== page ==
President Joe Biden on Friday tapped Dallas lawyer Marc Stanley as ambassador to Argentina, the world’s largest Spanish-speaking nation.
It’s a coveted posting for a longtime Democratic fundraising powerhouse. Buenos Aires is the Paris of South America, and the ambassador’s residence is a palace.
It’s hardly a low-stakes backwater. Argentina is the one of the hemisphere’s biggest economies, a country wracked by COVID-19 and recession where anti-American sentiment is never far below the surface.
Stanley, who chaired Lawyers for Biden during last year’s election, was among a flurry of diplomatic picks announced Friday. The fact that he’s a Texan may not be enough to escape pushback from the state’s senators, both Republicans – in particular Ted Cruz, whose reelection he worked hard to impede.
Cruz has been blocking dozens of State Department nominees to protest Biden’s refusal to halt Russia’s Nord Stream 2 gas pipeline. And there’s a more personal agenda.
In the 2018 election, Stanley chaired a political action committee that blistered Cruz for sucking up to Donald Trump after the 2016 campaign despite a torrent of attacks that had prompted the senator to brand him a pathological liar.
“I am grateful for the opportunity to serve my country,” Stanley said in a statement. “If confirmed, I hope to build an even stronger relationship between the United States and Argentina.”
Presidents in both parties have sent political allies and career diplomats at times to Argentina, a country of 46 million people. It’s four times the size of Texas and Latin America’s third largest economy after Brazil and Mexico.
Biden’s chief Latin America adviser has visited twice, and National Security Adviser Jake Sullivan was there on Friday for talks on pandemic recovery, an upcoming climate summit, and economic growth and security in the region.
The pandemic has claimed more than 109,000 lives, a per capita death toll among the worst in the world. The United States recently sent 3.5 million vaccine doses.
“It’s a very pleasant place to live….On the other hand, it is diplomatically challenging,” said Benjamin Gedan, deputy director of the Latin American Program at the Wilson Center, and South America director on the National Security Council under President Barack Obama.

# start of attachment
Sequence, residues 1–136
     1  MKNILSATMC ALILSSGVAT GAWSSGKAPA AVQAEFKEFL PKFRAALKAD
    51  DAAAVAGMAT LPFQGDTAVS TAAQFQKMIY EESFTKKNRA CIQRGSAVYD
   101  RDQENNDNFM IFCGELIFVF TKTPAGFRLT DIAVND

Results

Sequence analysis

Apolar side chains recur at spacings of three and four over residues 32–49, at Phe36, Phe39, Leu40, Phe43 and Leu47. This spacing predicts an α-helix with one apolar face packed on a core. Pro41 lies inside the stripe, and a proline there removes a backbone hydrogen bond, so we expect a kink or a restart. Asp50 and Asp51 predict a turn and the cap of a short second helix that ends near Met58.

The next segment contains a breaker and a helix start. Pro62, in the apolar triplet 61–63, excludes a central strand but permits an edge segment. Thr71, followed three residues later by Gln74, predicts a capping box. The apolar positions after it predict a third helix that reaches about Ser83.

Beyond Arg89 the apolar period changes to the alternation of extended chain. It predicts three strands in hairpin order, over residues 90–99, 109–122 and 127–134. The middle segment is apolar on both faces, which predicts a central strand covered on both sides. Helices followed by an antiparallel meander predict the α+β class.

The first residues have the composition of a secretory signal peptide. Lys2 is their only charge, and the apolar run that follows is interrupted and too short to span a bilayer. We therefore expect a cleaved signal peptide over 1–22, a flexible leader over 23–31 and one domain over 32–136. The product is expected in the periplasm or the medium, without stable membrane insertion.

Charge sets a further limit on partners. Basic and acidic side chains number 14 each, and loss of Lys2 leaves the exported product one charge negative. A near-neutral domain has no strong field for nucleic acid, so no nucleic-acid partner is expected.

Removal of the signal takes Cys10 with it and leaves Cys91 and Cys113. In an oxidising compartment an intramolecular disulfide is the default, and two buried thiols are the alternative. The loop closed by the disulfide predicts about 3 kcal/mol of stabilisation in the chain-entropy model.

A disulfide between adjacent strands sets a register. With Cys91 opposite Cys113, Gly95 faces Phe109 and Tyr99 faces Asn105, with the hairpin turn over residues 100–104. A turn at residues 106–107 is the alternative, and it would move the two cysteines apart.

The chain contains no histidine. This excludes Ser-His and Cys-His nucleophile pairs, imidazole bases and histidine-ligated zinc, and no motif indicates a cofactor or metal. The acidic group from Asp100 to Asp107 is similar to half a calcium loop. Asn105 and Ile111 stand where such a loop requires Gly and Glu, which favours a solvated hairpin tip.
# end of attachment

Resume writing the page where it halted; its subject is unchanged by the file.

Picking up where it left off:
A recession is in its third year. Early in the pandemic, the country defaulted on a $44 billion debt, and the government is hoping for U.S. help to strike new terms with the International Monetary Fund.
Resentment has brewed for years about high U.S. tariffs on biodiesel exports.
“Things are quite dreary.… The country is in very fragile conditions, economically, and that can always spill over into political and social drama,” Gedan said.
Argentina has defied U.S. policies in Venezuela, Nicaragua and Cuba. Relations warmed with the election of a pro-American president in 2015, but the leftists returned to power in 2019. Although President Alberto Fernández is relatively moderate, his influential Vice President Cristina Fernández de Kirchner, a former two-term president, remains hostile.
“It’s a country with a government that isn’t reflexively pro-American, on the verge of some very difficult economic and, potentially, political times,” Gedan said. “It’s at a crossroads and the ambassador would really play a role in nudging Argentina one way or the other.”
Although Stanley lacks diplomatic experience, foreign leaders generally value well-connected emissaries who can sidestep the State Department bureaucracy with direct access to the president.
Stanley chaired the National Jewish Democratic Council for six years. He and his wife, Wendy, have donated at least $1.5 million in the last two decades to Democratic causes, though his bigger impact has been as a bundler for candidates and party committees.